• Merkel to ready troops for 2017 election battle

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    ESSEN, Germany: German Chancellor Angela Merkel is due Tuesday to outline her battle strategy to counter a wave of populism that has consumed key allies abroad, as she launches into campaign mode for next year’s elections.

    Merkel, who has led Germany for 11 years, last month declared that she will run again for the country’s top job but acknowledged that the poll will be “more difficult than any before it”.

    Party faithful of her center-right Christian Democratic Union gathering at a two-day annual congress in the western city of Essen are expected to re-elect Merkel as party chief, rallying behind her bid to stay in power.

    At the last vote in 2014 Merkel garnered 96.7 of her party’s support and this week’s ballot will be closely scrutinized for any sign of dissent.

    She will also be grilled on how she plans to stop the anti-Islam and populist AfD from further eroding the party’s supporter base.

    The CDU has suffered setbacks in five consecutive state polls as voters punish Merkel for her liberal refugee policy which led more than a million people to seek asylum in Germany since the beginning of 2015.

    And questions have been raised on whether the 62-year-old has fresh ideas to offer in a world order turned upside down by the surprise election triumphs of Donald Trump, Brexit, and on Sunday, the anti-reform movement that felled Italian PM Matteo Renzi.

    There is concern within CDU rank and file, “because Angela Merkel said she will stand again, without saying how she will change her policies in the future”, Hans Pistner from the Thuringia regional government told regional broadcaster MDR.

    Close the gaps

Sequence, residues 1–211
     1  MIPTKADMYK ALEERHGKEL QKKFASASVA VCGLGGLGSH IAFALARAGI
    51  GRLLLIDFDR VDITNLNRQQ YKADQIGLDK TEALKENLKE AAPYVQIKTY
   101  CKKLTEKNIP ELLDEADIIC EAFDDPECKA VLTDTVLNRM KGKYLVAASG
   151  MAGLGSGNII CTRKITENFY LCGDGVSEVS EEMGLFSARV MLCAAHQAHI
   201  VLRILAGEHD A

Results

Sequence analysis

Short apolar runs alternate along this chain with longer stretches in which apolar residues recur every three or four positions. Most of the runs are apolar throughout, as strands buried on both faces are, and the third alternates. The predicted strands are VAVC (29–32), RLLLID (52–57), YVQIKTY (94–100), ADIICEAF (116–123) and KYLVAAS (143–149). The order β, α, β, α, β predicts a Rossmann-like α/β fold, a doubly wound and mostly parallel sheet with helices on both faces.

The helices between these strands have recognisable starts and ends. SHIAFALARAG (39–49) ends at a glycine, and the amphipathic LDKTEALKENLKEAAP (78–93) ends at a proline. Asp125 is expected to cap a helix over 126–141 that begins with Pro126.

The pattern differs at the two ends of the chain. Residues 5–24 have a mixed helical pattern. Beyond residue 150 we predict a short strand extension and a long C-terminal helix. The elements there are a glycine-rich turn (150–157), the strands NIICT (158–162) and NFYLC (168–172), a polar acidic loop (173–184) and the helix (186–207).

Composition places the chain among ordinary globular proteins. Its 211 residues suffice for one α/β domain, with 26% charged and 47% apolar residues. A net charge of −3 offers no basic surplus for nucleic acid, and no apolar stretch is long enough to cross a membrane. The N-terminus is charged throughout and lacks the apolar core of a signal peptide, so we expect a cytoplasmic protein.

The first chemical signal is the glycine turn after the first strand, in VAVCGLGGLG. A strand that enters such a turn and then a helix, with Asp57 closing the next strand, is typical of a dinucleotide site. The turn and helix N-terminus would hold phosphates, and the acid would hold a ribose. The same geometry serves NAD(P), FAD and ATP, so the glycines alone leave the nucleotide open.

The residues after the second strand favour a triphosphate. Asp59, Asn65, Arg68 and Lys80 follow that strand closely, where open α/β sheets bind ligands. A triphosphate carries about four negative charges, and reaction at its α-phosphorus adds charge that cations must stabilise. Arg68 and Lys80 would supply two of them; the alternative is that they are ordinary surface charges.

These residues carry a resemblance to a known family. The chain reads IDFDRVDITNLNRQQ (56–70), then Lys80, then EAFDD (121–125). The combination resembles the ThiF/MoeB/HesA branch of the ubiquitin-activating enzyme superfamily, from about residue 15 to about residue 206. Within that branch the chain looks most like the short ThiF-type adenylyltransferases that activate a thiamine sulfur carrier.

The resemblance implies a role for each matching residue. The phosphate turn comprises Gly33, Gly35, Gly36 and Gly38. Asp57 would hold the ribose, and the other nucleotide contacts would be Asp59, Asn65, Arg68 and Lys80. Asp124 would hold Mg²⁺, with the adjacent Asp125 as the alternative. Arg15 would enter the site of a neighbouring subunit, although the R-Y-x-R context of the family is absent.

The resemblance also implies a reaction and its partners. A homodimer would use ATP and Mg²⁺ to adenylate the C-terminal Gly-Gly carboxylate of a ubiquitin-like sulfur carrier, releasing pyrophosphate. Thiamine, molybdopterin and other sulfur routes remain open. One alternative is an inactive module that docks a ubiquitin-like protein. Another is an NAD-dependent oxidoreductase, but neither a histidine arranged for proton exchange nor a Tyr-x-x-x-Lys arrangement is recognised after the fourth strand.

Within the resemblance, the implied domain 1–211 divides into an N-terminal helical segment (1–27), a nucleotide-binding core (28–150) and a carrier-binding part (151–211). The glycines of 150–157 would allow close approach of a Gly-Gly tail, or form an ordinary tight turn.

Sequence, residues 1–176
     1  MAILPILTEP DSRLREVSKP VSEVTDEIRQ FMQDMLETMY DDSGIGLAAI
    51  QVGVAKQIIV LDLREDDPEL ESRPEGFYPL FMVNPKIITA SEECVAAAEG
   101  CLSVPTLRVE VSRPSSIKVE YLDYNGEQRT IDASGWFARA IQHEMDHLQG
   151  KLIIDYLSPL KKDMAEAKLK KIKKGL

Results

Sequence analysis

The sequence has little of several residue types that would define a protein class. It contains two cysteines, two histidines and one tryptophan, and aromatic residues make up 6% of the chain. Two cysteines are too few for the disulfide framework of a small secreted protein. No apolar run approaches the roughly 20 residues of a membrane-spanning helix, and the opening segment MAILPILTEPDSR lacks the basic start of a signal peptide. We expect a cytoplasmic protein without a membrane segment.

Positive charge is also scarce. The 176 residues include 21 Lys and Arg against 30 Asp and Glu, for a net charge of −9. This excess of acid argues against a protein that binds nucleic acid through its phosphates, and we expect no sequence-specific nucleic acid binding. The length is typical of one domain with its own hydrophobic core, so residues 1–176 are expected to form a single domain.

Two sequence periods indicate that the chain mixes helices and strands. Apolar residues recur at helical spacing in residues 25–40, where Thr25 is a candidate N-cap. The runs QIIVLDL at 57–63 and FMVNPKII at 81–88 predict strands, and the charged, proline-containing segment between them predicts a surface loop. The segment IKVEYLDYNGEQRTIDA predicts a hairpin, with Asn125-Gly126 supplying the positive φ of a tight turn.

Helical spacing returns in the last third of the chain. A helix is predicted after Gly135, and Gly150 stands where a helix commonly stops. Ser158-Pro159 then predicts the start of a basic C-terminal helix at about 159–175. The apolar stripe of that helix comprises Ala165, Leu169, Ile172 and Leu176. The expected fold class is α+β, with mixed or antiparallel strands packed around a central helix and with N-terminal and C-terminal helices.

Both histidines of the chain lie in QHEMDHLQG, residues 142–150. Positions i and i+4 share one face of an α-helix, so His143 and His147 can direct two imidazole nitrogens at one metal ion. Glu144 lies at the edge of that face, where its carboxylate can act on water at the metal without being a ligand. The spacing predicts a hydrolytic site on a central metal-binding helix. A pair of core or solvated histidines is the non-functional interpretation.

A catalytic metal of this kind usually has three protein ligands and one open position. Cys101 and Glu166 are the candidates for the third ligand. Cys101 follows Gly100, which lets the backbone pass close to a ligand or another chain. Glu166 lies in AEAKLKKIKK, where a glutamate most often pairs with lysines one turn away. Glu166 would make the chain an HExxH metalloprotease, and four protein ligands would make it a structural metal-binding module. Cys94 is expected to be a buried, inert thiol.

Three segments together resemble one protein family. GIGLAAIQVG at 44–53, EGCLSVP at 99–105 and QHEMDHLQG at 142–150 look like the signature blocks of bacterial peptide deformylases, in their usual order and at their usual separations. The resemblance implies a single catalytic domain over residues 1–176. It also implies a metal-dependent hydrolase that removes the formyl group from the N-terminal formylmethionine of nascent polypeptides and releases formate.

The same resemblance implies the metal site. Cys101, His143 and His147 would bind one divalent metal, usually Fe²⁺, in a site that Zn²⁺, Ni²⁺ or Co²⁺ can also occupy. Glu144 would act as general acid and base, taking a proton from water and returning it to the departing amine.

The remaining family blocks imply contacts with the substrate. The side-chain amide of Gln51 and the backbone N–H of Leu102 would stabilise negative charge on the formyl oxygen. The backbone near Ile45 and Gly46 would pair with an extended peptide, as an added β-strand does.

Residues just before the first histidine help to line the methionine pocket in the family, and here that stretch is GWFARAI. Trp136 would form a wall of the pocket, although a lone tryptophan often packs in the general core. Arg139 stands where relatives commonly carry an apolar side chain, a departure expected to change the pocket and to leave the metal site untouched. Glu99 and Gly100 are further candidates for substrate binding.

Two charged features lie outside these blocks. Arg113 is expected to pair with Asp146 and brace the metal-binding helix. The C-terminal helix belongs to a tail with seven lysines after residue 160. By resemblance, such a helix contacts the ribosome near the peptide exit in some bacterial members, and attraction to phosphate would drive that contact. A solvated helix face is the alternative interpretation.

Merkel’s CDU secured a decisive win of 41.5 percent at the last election—its best result since national reunification in 1990, on the back of strong approval for her tough stance demanding austerity for debt-stricken EU nations.

    Three years on and there are rumblings even within her own party, as her decision last September to open the doors to refugees fleeing war in mostly Arab nations has deeply polarized Europe’s biggest economy.

    Although Merkel has since moved to slow the influx, including through a highly controversial deal with Turkey, the anti-Islam AfD has gained a firm footing as a protest platform for disgruntled voters.

    AfD now enjoys around 12 percent in support, while at the last election it fell short of the 5 percent threshold.

    Merkel’s supporters will take heart from a recent survey showing that two in three Germans approve of her bid to stand again.

    But with some nine months or more to go before the elections, CDU deputy chair Julia Kloeckner said the party must not leave any gaps for the AfD to exploit.

    “If we only talk about healthcare for refugees, but not about the shortage of doctors in the country, then the mood sours in the population,” she warned in an interview with Spiegel magazine ahead of the congress.

    Circumventing the boss

    Sueddeutsche Zeitung said that Merkel’s sure re-election as party leader at the congress should not be viewed as an indication that there is no dissent. It said that in the background, key members were starting to think beyond her.

    “That’s particularly obvious in terms of refugee policies,” it said, noting that “much to Merkel’s disappointment, the motion put to the congress has been toughened up by the party’s federal chiefs”.

    These included praising the decision by governments in the Balkans to shut down a route used by asylum seekers—something that had previously been sharply criticized by Merkel.

    And others want to go further, with CDU deputy chairman Thomas Strobl leading the charge through a demand to ease the deportation process for rejected asylum-seekers.

    The tough stance, which includes slashing social assistance for these migrants and not exempting the ill from expulsion, is necessary to maintain trust, Strobl argued.

    “We can’t just put a notice for departure in people’s hands and then not follow through with the law,” he said, adding, “that would substantially erode trust in the rule of law.” AFP

    AFP/CC

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